Ken Rosen, Haas Real Estate professor and Chairman of the Fisher Center for Real Estate and Urban Economics, was quoted in the San Francisco Chronicle on Aug. 12 in the article "Housing Prices Stay Hot." Read more here: http://www.sfgate.com/cgi-bin/article.cgi? file=/chronicle/archive/2001/08/12/BU194539.DTL

"Foundations for Success in the Knowledge Economy: Challenges and Opportunities in New Zealand," a lecture by David J. Teece, professor of international business and finance and director of the Institute of Management, Innovation, and Organization, was delivered live for 30 minutes on Sky TV on August 3, 2001, at the Knowledge Wave Conference.

Teece also appeared on Testra Business (Channel 2) and his lecture was condensed and printed in the Christchurch Press, the Dominion, Radio New Zealand, and many other media outlets.

Dean Laura Tyson's announcement about her resignation as dean was covered by the following papers below from Aug. 13-18.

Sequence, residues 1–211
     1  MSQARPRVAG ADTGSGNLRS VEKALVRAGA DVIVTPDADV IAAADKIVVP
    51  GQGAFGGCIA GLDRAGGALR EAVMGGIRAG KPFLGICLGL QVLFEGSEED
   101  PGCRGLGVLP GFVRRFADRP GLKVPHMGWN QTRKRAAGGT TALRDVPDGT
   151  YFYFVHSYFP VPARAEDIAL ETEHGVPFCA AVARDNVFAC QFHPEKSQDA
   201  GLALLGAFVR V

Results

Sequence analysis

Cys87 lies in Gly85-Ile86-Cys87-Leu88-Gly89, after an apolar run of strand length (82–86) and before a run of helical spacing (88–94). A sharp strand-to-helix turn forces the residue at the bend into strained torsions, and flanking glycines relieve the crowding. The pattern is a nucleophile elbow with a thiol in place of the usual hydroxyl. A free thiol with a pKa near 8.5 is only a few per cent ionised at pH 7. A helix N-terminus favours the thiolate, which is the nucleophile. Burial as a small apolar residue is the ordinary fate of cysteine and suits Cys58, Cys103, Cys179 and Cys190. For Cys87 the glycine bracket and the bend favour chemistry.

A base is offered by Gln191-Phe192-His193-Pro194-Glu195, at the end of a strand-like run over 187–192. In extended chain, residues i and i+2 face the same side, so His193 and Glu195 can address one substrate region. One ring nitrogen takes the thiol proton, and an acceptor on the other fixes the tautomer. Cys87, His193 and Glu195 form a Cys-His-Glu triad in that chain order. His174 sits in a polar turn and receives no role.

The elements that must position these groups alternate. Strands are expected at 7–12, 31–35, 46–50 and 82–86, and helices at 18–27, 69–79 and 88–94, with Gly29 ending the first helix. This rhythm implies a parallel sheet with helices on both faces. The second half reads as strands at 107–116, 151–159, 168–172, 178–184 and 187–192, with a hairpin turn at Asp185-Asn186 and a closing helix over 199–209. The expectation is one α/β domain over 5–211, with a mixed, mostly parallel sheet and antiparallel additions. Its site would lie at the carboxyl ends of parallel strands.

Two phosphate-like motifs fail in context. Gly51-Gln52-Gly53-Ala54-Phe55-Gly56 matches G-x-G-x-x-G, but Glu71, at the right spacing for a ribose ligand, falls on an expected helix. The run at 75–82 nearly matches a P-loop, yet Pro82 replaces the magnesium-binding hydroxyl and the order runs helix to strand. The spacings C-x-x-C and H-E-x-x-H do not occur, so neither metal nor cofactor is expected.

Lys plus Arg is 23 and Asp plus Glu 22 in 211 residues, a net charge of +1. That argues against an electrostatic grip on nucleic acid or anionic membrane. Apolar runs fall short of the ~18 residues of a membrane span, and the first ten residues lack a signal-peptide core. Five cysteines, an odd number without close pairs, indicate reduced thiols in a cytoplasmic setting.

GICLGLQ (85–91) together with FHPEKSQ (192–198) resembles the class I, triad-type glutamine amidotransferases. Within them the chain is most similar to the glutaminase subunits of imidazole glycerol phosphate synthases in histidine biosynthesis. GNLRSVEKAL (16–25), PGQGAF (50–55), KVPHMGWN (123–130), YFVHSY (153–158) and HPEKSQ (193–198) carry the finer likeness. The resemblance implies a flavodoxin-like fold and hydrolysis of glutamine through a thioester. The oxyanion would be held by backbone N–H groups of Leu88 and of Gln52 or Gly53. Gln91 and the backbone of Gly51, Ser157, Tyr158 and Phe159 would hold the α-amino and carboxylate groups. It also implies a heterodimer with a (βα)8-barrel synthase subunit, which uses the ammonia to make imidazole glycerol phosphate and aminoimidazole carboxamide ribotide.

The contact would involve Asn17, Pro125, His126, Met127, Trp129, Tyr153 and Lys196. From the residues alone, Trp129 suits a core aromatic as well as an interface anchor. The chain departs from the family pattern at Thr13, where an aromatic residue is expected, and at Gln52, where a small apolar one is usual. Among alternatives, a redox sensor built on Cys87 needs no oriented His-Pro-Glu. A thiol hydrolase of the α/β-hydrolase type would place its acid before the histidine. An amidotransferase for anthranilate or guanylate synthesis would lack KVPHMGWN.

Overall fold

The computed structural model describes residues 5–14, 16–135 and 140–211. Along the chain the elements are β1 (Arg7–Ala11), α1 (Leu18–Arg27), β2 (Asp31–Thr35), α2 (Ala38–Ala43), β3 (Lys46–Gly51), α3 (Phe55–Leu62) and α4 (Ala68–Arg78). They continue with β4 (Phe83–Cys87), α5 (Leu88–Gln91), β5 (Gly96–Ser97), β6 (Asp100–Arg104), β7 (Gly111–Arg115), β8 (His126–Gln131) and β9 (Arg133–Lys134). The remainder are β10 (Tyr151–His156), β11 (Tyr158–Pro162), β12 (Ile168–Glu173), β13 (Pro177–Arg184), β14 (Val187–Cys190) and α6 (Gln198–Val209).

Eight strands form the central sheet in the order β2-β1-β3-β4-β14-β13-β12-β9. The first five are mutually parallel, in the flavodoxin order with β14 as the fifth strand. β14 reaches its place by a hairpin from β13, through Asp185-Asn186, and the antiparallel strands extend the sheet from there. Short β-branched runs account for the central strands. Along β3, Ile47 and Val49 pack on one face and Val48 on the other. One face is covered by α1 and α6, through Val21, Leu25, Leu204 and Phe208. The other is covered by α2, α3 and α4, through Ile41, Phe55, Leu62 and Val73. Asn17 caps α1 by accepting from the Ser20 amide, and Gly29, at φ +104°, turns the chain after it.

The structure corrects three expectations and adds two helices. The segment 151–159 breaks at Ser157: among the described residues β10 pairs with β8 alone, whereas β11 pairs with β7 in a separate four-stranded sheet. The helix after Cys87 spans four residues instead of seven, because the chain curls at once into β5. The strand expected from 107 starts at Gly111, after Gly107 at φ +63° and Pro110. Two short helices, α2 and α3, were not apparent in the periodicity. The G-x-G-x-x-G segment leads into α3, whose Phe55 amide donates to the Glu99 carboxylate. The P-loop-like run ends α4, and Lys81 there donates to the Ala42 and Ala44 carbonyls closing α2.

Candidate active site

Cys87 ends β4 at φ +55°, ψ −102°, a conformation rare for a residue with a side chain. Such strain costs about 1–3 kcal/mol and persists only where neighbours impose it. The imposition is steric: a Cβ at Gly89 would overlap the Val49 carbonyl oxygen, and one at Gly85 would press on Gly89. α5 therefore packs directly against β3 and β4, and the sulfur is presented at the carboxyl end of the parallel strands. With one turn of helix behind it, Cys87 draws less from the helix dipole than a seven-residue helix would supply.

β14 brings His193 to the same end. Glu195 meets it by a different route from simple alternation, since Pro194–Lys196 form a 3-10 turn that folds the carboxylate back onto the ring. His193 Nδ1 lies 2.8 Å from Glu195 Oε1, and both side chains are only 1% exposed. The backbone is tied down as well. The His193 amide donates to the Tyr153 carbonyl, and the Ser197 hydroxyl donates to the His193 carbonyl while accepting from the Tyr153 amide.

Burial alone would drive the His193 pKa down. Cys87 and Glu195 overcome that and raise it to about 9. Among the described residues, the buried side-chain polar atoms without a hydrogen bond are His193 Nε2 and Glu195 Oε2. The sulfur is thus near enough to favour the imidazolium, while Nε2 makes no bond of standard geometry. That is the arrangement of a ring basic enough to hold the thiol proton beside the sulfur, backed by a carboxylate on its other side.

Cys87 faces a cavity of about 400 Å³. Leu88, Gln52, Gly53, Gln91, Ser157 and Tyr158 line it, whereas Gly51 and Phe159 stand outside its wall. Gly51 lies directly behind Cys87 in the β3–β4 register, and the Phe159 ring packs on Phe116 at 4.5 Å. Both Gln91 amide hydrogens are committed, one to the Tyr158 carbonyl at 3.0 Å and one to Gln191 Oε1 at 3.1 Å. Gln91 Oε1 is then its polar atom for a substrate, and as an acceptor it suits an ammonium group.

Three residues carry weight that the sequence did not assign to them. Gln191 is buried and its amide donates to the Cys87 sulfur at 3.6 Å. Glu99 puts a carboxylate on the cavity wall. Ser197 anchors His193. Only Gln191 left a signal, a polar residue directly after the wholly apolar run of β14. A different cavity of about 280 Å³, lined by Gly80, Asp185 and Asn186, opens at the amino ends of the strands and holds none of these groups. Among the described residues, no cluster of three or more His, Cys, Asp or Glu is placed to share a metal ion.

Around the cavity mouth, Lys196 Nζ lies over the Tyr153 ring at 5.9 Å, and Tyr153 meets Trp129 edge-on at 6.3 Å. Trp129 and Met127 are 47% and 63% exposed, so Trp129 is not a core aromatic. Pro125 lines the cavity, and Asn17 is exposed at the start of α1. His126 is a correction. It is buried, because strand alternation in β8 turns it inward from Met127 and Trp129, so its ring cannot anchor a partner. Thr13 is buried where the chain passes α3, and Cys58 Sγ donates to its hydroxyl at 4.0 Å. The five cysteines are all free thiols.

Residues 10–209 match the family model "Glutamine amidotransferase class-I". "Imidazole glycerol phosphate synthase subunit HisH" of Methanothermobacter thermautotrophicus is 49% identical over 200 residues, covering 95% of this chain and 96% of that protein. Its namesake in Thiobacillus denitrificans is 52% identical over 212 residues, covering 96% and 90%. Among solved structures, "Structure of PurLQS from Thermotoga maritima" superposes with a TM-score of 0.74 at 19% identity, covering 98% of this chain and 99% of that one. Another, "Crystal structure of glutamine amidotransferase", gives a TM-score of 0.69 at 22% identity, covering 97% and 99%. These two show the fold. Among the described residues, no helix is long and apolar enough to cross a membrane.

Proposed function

New York Times on Aug. 13 http://www.nytimes.com/aponline/business/AP-Business-Dean-Resigns.html?searchpv=aponline&pagewanted=print
San Francisco Chronicle on Aug. 14 http://www.sfgate.com/cgibin/article.cgi? file=/chronicle/archive/2001/08/14/BU119475.DTL
San Jose Mercury News on Aug. 14 http://www0.mercurycenter.com/business/top/084361.htm
Oakland Tribune on Aug. 14
Contra Costa Times on Aug. 14 http://www.contracostatimes.com/cgibin/emailfriend/emailfriend.cgi? mode=print&doc=http://www.contracostatimes.com/news/stories_news/tyson_20010814.htm
Business Week Online on Aug.15 http://www.businessweek.com/bschools/content/aug2001/bs20010814_174.htm
Daily Californian on Aug. 15 http://www.dailycal.org/article.asp?id=5891
The Berkeleyan on Aug. 16
San Francisco Business Times on Aug. 17 http://sanfrancisco.bcentral.com/sanfrancisco/stories/2001/08/20/weekinbiz.html?t=printable
The Economist on Aug. 18
The Independent of London on Aug. 21 http://www.independent.co.uk/story.jsp?story=89771.

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The Haas NewsWire is the electronic news weekly for the Haas community published every Monday by the Marketing and Communications Office at the Haas School. Send your news, feedback, and suggestions to Haasnews@haas.berkeley.edu.